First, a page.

In 1987, the Generalitat launched the campaign We are 6 million, which in one of the advertisements said “… and to govern ourselves and help us progress we all have the Generalitat”. No one will campaign We are eight billion. Who should do it? The UN, what is it that tells us? On November 15, we reached eight billion people in the world, a figure that is twice the population of just forty-eight years ago. The world population is growing at the slowest rate since 1950 and in 2020 it fell below 1%. The latest United Nations projections suggest that the world population could grow to 9.7 billion by 2050. It is expected to peak at around 10.4 billion people during the 2080s and remain at this level until 2100.
The question is inevitable: is the continued growth of the population compatible with sustainable development?
According to the UN, rapid population growth makes it more difficult to eradicate poverty, fight hunger and increase the coverage of health and education systems. On the contrary, achieving the Sustainable Development Goals of the 2030 Agenda, especially those related to health, education and gender equality, will contribute to reducing fertility levels and slowing down the growth of the world population. Therefore, we are doing well, my simplistic-optimistic self would say.
But the UN also projects the proportion of the world’s population aged 65 and over to rise from 10% today to 16% in 2050. Then the number of people aged 65 and over worldwide will be more than double the number of children under 5 years of age and approximately the same as the number of children under 12 years of age. The aging of the population poses a challenge for the sustainability of the health, pension and long-term care systems that we will need. The open bar of financing for countries and individuals, which we had come to believe to be infinite, is reaching its limit. Nouriel Roubini, a New York University professor known for being one of the few who saw the 2008 global financial crisis coming, calls it “the demographic time bomb,” which he places on a list of the top 10 threats to that we are facing Therefore, we are not doing well, my far-fetched-pessimist self would say.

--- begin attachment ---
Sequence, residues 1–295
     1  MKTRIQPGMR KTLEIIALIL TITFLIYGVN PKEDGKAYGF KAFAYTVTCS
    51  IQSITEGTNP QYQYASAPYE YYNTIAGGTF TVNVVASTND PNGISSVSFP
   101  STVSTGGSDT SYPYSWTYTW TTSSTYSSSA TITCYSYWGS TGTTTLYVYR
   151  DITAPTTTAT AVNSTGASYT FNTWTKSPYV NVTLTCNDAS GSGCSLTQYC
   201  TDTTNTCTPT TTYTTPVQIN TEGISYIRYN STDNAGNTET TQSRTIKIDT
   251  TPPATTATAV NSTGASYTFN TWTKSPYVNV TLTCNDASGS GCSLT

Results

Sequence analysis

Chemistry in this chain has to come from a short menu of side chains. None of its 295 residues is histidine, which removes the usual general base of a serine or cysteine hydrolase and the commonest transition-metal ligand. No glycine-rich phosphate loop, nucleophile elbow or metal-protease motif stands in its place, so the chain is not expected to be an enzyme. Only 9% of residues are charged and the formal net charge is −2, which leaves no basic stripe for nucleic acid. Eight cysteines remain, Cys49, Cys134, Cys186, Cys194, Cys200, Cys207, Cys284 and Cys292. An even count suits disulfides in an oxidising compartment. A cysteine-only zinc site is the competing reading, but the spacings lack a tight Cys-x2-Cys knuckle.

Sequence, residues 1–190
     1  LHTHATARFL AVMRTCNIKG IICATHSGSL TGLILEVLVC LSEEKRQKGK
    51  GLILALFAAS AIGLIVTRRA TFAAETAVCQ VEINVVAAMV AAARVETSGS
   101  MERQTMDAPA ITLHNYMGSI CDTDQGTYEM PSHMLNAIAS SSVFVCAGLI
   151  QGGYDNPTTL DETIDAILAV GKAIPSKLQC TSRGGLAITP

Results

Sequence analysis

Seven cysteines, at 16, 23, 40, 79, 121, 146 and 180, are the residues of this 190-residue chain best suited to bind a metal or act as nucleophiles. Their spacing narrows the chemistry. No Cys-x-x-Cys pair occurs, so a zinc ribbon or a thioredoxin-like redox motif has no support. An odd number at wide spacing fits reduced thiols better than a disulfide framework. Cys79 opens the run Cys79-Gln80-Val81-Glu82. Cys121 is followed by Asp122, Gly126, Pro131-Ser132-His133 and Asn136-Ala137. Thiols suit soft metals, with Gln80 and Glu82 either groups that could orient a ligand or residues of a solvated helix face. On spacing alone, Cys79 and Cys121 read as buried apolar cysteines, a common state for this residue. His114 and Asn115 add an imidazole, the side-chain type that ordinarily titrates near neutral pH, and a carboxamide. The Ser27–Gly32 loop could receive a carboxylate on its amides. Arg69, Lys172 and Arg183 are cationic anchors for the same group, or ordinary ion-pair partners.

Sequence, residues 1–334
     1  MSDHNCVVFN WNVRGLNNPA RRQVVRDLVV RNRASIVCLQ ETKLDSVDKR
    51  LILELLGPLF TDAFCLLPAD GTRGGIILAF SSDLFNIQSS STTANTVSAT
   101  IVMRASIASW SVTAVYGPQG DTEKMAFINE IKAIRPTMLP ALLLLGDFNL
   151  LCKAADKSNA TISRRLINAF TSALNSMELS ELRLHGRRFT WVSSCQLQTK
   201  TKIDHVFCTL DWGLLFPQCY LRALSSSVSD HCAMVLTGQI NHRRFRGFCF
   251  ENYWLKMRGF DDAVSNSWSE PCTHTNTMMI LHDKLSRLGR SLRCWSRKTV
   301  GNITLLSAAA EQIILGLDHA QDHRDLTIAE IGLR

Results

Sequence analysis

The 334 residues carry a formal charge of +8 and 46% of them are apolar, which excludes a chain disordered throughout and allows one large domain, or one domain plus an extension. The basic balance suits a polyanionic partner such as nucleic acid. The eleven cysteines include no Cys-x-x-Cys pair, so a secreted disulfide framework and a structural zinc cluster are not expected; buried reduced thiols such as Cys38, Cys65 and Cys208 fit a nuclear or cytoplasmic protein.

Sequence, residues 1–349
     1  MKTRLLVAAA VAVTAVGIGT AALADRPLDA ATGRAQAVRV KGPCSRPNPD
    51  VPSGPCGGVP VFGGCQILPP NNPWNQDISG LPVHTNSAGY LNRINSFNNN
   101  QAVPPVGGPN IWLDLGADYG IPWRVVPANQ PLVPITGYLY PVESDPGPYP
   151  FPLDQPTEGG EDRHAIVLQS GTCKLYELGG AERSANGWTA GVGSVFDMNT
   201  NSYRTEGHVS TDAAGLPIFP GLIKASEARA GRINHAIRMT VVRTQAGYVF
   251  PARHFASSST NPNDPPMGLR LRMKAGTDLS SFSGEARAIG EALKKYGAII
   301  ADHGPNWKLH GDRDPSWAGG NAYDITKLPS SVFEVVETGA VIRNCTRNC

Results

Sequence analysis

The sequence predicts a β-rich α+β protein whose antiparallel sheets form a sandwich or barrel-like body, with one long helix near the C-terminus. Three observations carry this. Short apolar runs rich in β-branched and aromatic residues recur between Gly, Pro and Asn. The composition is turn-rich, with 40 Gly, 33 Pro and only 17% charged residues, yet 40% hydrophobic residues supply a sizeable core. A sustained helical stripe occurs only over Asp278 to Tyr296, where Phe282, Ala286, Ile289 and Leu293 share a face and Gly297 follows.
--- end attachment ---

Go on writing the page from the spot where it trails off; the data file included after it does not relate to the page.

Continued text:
Is continued population growth compatible with sustainable development?
It does not seem easy to decide where we should go, but if it were in my hands, I would choose the path of sustainable growth, which understands that we live on a planet that we have squeezed almost to the limit and that the risks of continuing with the obsession with economic growth, Associated with that of the population, it is unapproachable with the solution that has worked so far: innovation facilitated by scientific and technological progress applied to production processes.
We need new economic models oriented towards much more ambitious and shared goals that focus on improving people’s lives and conserving the planet, and that probably implies giving up economic growth and a much better distribution of wealth. Don’t worry, I’m not proposing communist revolution; It became clear that it doesn’t work. But it is clear to me that the role that governments should play in the economy must be thoroughly rethought, with the instruments and structures they need, and how to build a new form of collaboration between public and private organizations to work synergistically, sharing risks and benefits. , for solving the main global challenges.
It will not be easy. Political leaders avoid facing the future and do not make difficult decisions because they want to be re-elected. Multilateral approaches are regressing and unilateral approaches are advancing once again: Brexit, Trump, Putin… Often ratified by the ballot box. Without generosity and collaboration we will not get ahead.
Clear thoughts become clear statements, while ambiguous ideas become empty ramblings. The problem is that, in many cases, we lack serious lucid thinking. The world is complicated and it takes a lot of mental effort to fully understand even one facet of it. It is often best to heed Mark Twain: “If you have nothing to say, say nothing.”
Martí Casamajó, member of the Restarting Badalona association